The Senate’s Gang of Eight released details of sweeping immigration reform legislation Tuesday as part of a staggered rollout that was interrupted by the Boston terrorist attack.
President Obama hailed the proposal — which would give provisional legal status to an estimated 11 million people in the country illegally and put them on a pathway to citizenship — as “largely consistent” with his own vision for an overhaul of the country’s immigration system.
The senators planned to formally introduce the measure on Tuesday evening, with a rescheduled public event to follow as early as Wednesday that would include prominent supporters from across the political spectrum.
Sens. Charles SchumerCharles SchumerDemocrats and the boycott of Trump's inauguration The Hill's 12:30 Report Why Democrats fear a successful inaugural address from Trump MORE (D-N.Y.) and John McCainJohn McCainSenate committee to vote Monday on Tillerson Trump fails to mention Clinton in inaugural address Hillary Clinton under microscope at inauguration MORE (R-Ariz.), two leaders of the Senate group, went to the White House to brief the president on the legislation.
“This bill is clearly a compromise, and no one will get everything they wanted, including me,” Obama said in a statement following the meeting. “But it is largely consistent with the principles that I have repeatedly laid out for comprehensive reform.”
“I urge the Senate to quickly move this bill forward and, as I told Senators Schumer and McCain, I stand willing to do whatever it takes to make sure that comprehensive immigration reform becomes a reality as soon as possible,” he added.
The legislation, which by one estimate will run more than 1,500 pages, has been eagerly awaited for months, and the lower-profile rollout led to a muted initial response from critics and supporters alike.
“I’m for immigration reform, but we have 1,600 pages,” said Sen. Rand PaulRand PaulDems blast Trump plans for deep spending cuts Trump team prepares dramatic cuts Paul, Lee call on Trump to work with Congress on foreign policy MORE (R-Ky.). “We’re going to read the details and try to make it acceptable to conservatives.”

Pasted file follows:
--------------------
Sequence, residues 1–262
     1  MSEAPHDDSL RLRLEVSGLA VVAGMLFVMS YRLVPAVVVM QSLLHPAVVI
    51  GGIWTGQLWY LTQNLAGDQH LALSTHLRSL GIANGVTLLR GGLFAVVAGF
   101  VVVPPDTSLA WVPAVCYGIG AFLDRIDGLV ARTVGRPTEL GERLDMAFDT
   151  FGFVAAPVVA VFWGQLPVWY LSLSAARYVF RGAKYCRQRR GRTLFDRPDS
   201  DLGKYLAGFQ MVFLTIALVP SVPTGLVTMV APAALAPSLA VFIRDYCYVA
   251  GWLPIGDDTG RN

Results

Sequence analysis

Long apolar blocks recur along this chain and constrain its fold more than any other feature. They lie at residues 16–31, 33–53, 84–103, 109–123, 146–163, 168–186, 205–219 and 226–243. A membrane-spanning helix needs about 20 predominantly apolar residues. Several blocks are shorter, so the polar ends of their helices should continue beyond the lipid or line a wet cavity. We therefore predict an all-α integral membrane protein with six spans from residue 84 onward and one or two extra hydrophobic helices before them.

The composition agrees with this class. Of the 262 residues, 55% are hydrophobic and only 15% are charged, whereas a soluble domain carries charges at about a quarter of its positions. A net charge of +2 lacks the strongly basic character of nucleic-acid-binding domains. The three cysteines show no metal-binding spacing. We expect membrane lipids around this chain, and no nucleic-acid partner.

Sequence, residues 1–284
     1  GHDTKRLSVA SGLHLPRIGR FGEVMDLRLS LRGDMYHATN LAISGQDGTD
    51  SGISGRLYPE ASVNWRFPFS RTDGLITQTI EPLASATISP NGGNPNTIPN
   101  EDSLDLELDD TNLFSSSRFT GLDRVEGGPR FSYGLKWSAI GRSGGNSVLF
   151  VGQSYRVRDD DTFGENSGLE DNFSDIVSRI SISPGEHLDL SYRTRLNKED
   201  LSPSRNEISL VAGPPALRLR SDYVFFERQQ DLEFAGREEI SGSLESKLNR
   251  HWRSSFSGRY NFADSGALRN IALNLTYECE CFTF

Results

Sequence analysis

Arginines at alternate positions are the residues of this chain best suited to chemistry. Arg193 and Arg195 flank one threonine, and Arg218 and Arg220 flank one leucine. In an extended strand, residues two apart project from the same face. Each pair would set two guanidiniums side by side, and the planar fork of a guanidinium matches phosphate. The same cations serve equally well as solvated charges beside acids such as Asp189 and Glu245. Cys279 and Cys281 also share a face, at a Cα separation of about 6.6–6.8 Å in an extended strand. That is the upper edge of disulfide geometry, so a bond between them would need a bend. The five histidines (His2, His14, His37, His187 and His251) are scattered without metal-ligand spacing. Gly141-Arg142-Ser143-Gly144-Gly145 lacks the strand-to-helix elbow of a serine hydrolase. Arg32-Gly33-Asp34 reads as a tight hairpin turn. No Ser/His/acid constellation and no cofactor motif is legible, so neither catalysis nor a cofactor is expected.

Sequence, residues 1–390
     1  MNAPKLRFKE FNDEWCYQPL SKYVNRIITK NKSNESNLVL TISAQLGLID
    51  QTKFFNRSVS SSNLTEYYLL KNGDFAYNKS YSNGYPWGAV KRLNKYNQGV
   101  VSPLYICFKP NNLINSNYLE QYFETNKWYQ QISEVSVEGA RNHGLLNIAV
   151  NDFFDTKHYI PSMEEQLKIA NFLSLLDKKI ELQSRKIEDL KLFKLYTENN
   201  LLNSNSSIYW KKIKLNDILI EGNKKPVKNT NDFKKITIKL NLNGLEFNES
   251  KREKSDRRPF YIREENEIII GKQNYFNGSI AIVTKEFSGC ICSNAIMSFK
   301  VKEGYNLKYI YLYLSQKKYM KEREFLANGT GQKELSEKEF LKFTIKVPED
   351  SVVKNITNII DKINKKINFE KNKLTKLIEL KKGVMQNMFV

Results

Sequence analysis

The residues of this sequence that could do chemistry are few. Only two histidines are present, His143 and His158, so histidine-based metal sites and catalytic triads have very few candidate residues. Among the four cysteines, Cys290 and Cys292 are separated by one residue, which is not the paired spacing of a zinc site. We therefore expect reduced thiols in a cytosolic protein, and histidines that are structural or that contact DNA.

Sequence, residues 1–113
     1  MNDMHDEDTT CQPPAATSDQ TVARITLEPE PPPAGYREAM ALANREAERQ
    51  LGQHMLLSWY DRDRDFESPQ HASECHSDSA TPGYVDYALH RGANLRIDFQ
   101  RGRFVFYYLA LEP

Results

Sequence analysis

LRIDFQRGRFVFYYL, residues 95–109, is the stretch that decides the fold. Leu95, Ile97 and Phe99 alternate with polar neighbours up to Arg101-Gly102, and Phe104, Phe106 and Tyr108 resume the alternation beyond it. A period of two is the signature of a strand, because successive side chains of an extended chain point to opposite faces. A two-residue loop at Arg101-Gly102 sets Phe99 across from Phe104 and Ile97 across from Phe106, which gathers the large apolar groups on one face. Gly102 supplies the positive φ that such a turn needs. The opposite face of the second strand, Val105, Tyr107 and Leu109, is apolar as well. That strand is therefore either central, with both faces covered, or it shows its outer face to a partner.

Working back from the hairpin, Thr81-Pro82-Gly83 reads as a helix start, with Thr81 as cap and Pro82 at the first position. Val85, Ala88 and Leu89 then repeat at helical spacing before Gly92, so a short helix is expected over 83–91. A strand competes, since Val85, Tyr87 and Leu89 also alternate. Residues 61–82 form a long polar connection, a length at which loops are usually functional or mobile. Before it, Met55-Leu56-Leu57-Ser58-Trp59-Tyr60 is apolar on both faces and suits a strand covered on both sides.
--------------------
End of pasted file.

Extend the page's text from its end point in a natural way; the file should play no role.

In brief comments, Senate Republican Leader Mitch McConnellMitch McConnellSenate confirms first nominees of Trump era The new Washington elite schmoozes over lunch Trump takes first official acts at signing ceremony MORE (Ky.) said of the bill: “Hopefully it’ll provide a bipartisan way forward on a very important issue to the country.”
Sen. Marco RubioMarco RubioGOP, Dems hear different things from Trump Senate committee to vote Monday on Tillerson Tillerson met with top State official: report MORE (R-Fla.), a member of the Gang of Eight, said Republican senators were “receptive” to the proposal when he and other GOP members of the group held a briefing Monday.
“I wouldn’t say I heard big concerns from my colleagues,” Rubio said. “This is the first time some of them are listening to this in-depth.”
The legislative summary provided to reporters offered a detailed look at the complexities of a measure that would overhaul the nation’s immigration system for the first time in decades.
The legislation would put illegal immigrants on a pathway to citizenship only after several criteria for securing the U.S.-Mexico border are met.
It sets goals of persistent surveillance in high-risk areas — where more than 30,000 individuals are apprehended trying to enter the country illegally per year — along the southern border and a 90 percent success rate for stopping crossings in those sectors.